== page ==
Oakland’s attempt to fix racial inequality in the cannabis industry by giving permits to ex-convicts to sell, grow or transport the drug for which they were once criminalized is off to a surprisingly good start by most accounts.
The city has received 72 applications for pot business permits since May, and nearly half are seeking equity permits under a city program meant to provide reparations for the war on drugs, a U.S. government campaign that researchers say disproportionately affected African Americans. The numbers are putting to rest fears that few would apply for the program.
But proving who qualifies for the equity program is turning out to be harder than city lawmakers thought when they passed a complex set of ordinances in March.
Other roadblocks are cropping up in the budding industry, too, including a lack of available space in Oakland for new businesses — a problem that at least one City Council member wants to address by selling city-owned properties to marijuana operators.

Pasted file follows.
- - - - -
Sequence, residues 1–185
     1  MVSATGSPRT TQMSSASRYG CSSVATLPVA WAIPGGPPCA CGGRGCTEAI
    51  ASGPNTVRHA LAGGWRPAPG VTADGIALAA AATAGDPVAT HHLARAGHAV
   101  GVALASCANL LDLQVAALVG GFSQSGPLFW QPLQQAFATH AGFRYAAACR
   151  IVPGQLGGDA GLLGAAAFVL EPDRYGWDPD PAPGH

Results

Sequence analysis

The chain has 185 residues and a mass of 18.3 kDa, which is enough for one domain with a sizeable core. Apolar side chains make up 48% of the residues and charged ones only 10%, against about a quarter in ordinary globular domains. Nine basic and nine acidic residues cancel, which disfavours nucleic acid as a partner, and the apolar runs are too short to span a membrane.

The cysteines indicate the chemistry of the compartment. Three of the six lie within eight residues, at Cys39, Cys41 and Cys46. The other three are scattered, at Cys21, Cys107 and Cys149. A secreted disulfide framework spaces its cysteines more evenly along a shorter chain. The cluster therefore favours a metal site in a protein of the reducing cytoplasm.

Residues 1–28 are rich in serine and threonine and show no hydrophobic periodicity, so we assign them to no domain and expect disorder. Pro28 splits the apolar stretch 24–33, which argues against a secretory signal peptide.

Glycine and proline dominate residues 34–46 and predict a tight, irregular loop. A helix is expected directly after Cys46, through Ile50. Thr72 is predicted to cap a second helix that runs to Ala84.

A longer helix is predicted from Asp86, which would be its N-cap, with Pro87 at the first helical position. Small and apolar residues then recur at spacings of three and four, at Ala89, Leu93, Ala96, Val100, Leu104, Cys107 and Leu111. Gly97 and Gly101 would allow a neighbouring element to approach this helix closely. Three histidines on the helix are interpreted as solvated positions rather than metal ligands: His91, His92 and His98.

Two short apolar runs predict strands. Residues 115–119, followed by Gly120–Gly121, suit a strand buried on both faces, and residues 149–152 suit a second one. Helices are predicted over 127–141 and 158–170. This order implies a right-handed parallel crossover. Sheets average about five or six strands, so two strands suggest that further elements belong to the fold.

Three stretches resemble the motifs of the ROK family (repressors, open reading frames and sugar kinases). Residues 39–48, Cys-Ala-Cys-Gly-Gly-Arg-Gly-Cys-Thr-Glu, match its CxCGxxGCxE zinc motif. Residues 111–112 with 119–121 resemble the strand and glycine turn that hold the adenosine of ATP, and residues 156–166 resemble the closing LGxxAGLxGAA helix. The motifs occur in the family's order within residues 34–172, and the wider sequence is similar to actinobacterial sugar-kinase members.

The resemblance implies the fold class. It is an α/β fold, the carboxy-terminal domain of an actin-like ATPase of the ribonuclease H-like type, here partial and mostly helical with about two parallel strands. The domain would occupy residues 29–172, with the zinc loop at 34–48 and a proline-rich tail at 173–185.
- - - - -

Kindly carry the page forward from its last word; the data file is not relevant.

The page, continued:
“One could almost say it’s a miracle. There was so much fear it wouldn’t work,” said Councilwoman Rebecca Kaplan, who has proposed selling vacant city buildings and a number of zoning changes to ease pathways for new cannabis business owners. “This whole strategy was built from scratch in Oakland, and it appears to be going beautifully well.”
The ordinances require the city to give at least half of all available cannabis permits to individuals who were convicted of a marijuana-related offense in Oakland and earn an income less than 80 percent of the city average. “Equity applicants” can also qualify if they lived in an Oakland neighborhood for 10 of the last 20 years that saw a disproportionately high number of cannabis arrests.
Someone who doesn’t qualify under either definition — a “general applicant” — can